And make her hundred mouths too few to found Rectiv'd my passion with a frown,

his name. Or turn'd her head aside.

Namur's the goal in honour's race, Then Cupid whisper'd in my car,

Tempting the prize, but fatal is the chase : . “ Use more prevailing charms ;

At once a lovely and amazing fight, You niodest whining fool, draw near,

Striking the eye with terror and delight. And clasp her in your arms.

Founded on rocks th' imperial fortress stands, kisses tempt the maid,

And all around the distant plain comoiands : From Cynthia's feet depart;

Beauty and strength their utmoti force inpart, The lips he briskly musi invade,

'Tis wrought by nature, and improv'd wich are; That would posses, the heart."

An awful pic! immoveable as fate, With that I shook off all the fave,

Fix'd like the solid rock that proudly bears its My better fortunes tried ;

weight. When Cynthia in a moment gave

A thousand brazen mouths the walls surround, What she for years denied.

That vomit flanies, with fatal fury wound:
Death shines with terror through each smoking

cloud,
Like lightning Swift, and as the thunder loud,

Not the fami's Colchean Acece could boast
CONQUEST OF NAMUR.

So dread a guard, so terrible an hoft:
Nassau attempts a nobler enterprise,

The danger's more, and richer is the prize; Humbly inscribed to his most Sacred and Vi&torious

Alone his arms can such a power engage,
Majesty. 1695.

Deitroy with fierccr flasies, and thunder back
Once more, my muse, resume thy lyre !
Of heroes, arins, and lofty triumphs sing:

Why are the rapid Sambre's streams so flow! Strike, boldly strike th' unpractis'd string ;

The tardy Mase forgets to flow 'Tis William's acts my soaring thoughts inspire, Their lagging waves upon the turrets gaze, And animate my breast with nobler fire.

Proud to reflect their Namur's awful face; My daring hand the willing lyre obeys,

Whilst to th' astonisk'd shores they tell, Untaught it sounds the hero's praise :

Those wondrous walls are inacceslible. Each tuncful string repeats the victor's name,

The lofty lion towers for beauty fam'd, And echoes back the loud applause of fame.

And sacred walls, though rais'd by hands divine, No longer, mufe, the bleft Maria mour:),

Though mercenary gods her turrets fram'd, With trophies now her brighter shrine adorn : In trength and form inferior were to thine; Now sing her hero's fame in lofty strains,

Walls, tha: nor Grecian arms Dor arts could Worthy the captive Mafe, and Namur's vanquish'd

gain, plains.

And the divine Achilles storm'd in vain. Nature ne'er brought a fierce destroyer forth,

Your greater arms, Naffau were then unknown, Of thac portentous size and growth :

Where'er your bellowing engines shake, But still, co poize the balance of the age,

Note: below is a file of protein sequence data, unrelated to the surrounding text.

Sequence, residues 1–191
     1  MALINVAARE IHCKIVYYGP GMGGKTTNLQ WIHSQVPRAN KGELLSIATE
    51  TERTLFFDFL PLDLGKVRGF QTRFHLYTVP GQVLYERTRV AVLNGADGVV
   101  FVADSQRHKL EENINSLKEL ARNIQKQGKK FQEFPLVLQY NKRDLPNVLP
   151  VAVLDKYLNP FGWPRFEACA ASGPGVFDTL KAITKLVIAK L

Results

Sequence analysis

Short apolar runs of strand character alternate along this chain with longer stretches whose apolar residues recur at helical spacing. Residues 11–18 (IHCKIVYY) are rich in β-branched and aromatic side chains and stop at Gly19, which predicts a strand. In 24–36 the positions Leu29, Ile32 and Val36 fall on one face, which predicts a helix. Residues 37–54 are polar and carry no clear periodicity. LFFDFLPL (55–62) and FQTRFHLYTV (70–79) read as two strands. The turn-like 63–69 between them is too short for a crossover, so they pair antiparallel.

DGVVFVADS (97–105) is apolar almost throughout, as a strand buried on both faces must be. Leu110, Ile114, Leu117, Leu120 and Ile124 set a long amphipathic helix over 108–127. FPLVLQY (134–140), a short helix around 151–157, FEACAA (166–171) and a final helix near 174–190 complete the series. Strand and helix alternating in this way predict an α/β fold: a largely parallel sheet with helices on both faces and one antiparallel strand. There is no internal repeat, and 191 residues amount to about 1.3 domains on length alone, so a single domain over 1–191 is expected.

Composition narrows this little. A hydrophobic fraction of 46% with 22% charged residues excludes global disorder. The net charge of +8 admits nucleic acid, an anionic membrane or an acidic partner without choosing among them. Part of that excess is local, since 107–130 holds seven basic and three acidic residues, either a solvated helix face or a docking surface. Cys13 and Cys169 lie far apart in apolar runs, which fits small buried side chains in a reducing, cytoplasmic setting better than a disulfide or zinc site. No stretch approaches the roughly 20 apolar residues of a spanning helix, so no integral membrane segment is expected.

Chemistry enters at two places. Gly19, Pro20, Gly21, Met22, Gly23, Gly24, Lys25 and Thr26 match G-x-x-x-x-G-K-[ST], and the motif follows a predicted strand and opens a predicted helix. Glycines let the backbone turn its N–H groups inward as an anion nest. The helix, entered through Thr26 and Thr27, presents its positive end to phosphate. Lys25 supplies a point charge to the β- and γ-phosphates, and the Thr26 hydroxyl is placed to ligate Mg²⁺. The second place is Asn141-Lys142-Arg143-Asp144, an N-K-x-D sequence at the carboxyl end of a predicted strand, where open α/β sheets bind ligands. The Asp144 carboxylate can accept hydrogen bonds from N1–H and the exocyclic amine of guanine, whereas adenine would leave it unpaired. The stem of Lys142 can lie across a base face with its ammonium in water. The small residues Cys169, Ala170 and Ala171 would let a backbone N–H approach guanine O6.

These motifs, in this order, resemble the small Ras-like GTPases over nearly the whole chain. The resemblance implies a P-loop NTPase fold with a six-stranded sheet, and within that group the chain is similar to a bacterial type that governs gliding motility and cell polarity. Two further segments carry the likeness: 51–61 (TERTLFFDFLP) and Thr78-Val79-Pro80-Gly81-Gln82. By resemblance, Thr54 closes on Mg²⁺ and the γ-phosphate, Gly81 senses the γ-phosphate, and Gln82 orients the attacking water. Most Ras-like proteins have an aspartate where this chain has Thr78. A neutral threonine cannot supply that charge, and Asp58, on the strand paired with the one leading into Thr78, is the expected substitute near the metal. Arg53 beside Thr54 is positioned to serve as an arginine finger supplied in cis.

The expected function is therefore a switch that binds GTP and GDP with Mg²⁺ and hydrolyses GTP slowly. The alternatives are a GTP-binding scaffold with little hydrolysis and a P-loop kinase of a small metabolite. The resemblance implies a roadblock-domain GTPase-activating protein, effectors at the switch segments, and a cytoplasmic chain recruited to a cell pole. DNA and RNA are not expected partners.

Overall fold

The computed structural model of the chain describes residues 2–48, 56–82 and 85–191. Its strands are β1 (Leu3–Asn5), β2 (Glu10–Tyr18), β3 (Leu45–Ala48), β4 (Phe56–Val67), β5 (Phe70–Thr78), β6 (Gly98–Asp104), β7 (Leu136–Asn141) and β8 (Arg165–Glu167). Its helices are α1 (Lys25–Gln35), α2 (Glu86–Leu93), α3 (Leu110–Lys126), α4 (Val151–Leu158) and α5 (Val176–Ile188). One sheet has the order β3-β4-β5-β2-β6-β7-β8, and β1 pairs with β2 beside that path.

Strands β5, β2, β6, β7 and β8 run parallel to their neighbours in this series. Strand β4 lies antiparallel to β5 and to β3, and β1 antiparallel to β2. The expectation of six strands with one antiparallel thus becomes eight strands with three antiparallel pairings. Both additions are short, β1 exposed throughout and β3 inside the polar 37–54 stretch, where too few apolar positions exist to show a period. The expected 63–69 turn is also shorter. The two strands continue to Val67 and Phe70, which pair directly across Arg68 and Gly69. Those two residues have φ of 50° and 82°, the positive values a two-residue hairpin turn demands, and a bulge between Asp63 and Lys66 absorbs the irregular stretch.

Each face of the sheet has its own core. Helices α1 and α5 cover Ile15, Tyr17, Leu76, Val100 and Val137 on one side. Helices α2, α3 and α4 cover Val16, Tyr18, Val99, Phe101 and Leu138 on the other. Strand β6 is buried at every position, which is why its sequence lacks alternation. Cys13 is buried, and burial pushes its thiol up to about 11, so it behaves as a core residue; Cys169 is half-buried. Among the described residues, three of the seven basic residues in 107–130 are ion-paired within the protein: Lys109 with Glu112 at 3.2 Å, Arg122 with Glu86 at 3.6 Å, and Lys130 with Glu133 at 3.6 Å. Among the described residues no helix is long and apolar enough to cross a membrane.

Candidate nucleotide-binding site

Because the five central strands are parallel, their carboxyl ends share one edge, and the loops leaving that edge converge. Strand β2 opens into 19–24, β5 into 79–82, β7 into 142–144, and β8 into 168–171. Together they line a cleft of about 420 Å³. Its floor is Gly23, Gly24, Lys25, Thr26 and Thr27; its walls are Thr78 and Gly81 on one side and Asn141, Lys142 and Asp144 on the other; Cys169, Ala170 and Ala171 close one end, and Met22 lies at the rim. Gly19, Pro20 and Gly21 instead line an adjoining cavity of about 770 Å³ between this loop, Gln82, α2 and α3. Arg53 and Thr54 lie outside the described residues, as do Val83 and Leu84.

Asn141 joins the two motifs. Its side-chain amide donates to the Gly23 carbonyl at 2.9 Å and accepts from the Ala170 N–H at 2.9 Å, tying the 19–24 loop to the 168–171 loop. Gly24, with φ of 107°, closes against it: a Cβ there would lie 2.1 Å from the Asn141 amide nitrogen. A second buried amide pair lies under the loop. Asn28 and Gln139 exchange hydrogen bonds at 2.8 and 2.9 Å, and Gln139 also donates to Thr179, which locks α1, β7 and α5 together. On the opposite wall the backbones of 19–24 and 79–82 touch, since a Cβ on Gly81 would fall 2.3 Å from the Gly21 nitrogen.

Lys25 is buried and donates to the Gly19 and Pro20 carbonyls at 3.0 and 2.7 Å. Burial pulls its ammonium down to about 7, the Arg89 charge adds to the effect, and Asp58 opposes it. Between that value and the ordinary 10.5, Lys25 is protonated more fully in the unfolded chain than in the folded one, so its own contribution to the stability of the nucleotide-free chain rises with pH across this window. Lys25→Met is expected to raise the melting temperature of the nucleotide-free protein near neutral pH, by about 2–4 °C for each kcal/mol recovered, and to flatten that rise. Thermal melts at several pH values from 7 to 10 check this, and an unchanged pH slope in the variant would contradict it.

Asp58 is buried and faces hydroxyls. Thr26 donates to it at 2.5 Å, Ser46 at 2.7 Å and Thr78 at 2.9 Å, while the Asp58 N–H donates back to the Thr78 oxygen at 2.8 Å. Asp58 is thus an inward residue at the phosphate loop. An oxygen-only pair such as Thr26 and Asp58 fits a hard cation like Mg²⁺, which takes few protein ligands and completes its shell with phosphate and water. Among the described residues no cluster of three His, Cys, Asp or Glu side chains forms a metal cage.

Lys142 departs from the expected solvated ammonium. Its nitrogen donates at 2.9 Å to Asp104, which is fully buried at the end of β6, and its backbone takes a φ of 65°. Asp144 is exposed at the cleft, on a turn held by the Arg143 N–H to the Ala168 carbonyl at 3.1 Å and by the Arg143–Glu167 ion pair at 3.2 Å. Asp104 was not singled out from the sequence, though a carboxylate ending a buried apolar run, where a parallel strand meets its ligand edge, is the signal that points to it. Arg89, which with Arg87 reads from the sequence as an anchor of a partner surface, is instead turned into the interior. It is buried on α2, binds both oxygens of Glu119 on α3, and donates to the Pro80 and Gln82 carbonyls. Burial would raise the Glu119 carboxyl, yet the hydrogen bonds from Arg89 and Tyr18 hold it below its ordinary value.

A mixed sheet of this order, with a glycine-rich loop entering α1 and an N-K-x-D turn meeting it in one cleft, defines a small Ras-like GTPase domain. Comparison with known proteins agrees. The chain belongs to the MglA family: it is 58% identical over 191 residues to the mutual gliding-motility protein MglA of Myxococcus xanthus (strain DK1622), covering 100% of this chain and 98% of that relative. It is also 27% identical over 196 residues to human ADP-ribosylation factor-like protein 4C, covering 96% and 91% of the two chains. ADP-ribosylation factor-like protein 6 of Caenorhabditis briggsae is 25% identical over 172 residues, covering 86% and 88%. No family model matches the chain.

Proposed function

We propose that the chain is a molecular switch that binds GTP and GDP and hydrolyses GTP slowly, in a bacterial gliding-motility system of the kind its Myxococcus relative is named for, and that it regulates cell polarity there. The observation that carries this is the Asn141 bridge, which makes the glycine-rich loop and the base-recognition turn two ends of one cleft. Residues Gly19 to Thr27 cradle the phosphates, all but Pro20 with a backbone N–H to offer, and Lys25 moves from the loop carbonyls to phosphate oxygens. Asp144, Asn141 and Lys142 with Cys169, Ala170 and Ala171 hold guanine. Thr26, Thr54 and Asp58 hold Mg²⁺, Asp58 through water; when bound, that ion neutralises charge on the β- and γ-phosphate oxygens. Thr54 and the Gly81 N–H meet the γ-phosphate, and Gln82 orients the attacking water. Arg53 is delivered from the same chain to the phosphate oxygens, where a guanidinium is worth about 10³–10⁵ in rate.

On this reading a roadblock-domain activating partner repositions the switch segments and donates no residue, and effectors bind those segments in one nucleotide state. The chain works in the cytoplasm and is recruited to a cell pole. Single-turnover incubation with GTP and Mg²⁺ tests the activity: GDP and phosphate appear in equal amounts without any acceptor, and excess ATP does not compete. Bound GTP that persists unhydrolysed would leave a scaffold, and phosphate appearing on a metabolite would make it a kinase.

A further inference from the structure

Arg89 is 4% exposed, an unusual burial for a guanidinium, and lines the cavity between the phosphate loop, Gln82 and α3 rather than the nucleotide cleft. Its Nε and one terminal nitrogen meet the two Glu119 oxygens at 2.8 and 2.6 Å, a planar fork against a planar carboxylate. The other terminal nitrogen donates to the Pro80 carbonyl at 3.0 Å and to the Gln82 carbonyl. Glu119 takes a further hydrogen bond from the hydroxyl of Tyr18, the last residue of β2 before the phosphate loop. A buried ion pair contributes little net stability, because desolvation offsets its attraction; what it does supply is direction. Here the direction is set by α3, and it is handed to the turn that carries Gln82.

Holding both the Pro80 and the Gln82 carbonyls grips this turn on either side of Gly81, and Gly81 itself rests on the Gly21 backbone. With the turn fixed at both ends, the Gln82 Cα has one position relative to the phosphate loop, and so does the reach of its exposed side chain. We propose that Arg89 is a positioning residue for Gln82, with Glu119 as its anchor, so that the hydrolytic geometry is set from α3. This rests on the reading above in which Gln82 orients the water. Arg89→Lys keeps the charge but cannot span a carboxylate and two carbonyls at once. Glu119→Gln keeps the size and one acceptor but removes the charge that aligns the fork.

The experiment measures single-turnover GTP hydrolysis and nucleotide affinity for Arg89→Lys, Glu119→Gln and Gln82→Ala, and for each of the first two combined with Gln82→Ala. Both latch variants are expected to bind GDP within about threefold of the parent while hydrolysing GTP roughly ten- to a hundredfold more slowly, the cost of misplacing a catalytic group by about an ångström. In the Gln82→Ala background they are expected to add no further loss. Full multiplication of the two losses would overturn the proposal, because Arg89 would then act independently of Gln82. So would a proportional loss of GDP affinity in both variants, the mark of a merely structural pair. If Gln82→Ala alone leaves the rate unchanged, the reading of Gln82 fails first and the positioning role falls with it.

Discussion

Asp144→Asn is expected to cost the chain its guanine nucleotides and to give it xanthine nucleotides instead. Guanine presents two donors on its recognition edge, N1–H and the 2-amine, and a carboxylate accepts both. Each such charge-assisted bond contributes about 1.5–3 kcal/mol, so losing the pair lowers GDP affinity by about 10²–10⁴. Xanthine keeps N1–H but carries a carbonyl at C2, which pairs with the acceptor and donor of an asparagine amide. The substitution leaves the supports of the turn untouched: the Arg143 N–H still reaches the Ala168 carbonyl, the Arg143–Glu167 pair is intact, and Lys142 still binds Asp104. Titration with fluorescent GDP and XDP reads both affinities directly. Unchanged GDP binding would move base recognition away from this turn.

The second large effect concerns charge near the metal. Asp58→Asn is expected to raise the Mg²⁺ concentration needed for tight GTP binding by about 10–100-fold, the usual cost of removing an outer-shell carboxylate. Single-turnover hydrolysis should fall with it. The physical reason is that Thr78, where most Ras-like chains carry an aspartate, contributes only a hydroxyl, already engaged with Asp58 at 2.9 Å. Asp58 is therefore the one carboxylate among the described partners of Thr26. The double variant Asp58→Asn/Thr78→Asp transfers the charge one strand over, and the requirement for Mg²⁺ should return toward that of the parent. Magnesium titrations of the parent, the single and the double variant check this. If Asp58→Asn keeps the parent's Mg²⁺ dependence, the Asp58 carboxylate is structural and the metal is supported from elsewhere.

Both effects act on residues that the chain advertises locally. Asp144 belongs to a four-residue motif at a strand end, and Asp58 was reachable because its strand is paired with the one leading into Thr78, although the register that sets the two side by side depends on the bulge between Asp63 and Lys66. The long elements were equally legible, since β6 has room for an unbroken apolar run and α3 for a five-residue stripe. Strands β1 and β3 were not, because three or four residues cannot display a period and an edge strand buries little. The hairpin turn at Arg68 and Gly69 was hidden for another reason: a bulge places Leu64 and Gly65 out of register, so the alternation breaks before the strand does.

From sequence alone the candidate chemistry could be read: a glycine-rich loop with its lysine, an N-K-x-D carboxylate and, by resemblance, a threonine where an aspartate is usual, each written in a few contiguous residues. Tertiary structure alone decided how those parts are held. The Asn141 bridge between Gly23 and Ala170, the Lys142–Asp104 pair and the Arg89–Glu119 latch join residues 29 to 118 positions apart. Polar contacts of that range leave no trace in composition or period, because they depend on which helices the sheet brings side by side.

Where'er your more destrudive bombs are She introduc'd a hero on the stage.

thrown, Injurious Lewis like a torrent grows,

Nature and art in vain reistaoce nake, A rapid torrent that the hank o'ersluws,

Nor durft the powers that built defend their And robs our western world of its repole;

shatter'd town, In vain th' imperial cagle itops his course,

Two rival armies now poffers the field, In vain confederate armıs oppose :

In all the horrid pomp of war : On you (great prince!) th’infested nations wait,

With shining arms and brighter heroes far, And from your (word attend a milder fare

Though both with different looks, and different 'The injur'd Belgians William's aid implore,

paßions fill'd. A numerous army wastes their fhore :

Betwixt both holts the stake of honour lies, Embark, my mule, upon che British fleer,

The object that'employs their arms and eyes, And on the ready hero wait.

How to deferid; or how to gain the prize. He flies, like Jove, to nieet the Theban dame,

The Britons are a warlike race, When arm'd with lightning's pointed flanie, In arms expert, and fam'd for arts in peace: And in his hand th' avenging chunder bore: Your matthless deeds, Nassau, they imitate, The terror of his ensigns still confess his porrer. Like youthey death pursue, andrush on certain fate.

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Not all the bellowing engines of the war, In bloody camps he early gain'd renown,
Amidst the storm can British minds affright: Early the distant goal of honour won :
Nor sulphur's blasting flames deter,

What toils, what labours has the hero bore ! That glare through clouds of smoke with hortid Not the fam'd Offory encounter'd more : light;

Of whoni the Belgic plains such wonders teft, Though bullets there descend in scalding showers, Who liv'd so lov’d, and so laniented fell. And those the capnon (pare, thc anbulh'd flame Triumphant prince! thou patron of the devours.

muse,

(views :

Unweary'd thee she sings, thy ads with wonder In fatal caverns now the teeming earth

Renown'd in war! thy Rhedecina's pride!
Labours with a destructive birth :

Thou dort o'er wit, and glorious camps prelide
The loud volcanis stretch their flaming jaws, To thee the care of arms and arts belong,
And every dreadful blast a host destroys; Whose fame shall live to ages in heroic song.
This wreck of war the upper regions Mare,

For all thy victories in war, Whilst arms, and men, and rocks lie scatter'd in

You, valiant Cutts, th' oflicious muses crown, the air.

you triumphant wreachs prepare, Yet death in every form the Britons faco, And march with an undaunted pace :

Immortal as your fame, and fair as your renown."

Well did you execute your great command, Their faithless steps to various ruins lead,

And scatter deaths with a deftrudive hand: They walk in fepulchres, on graves they tread;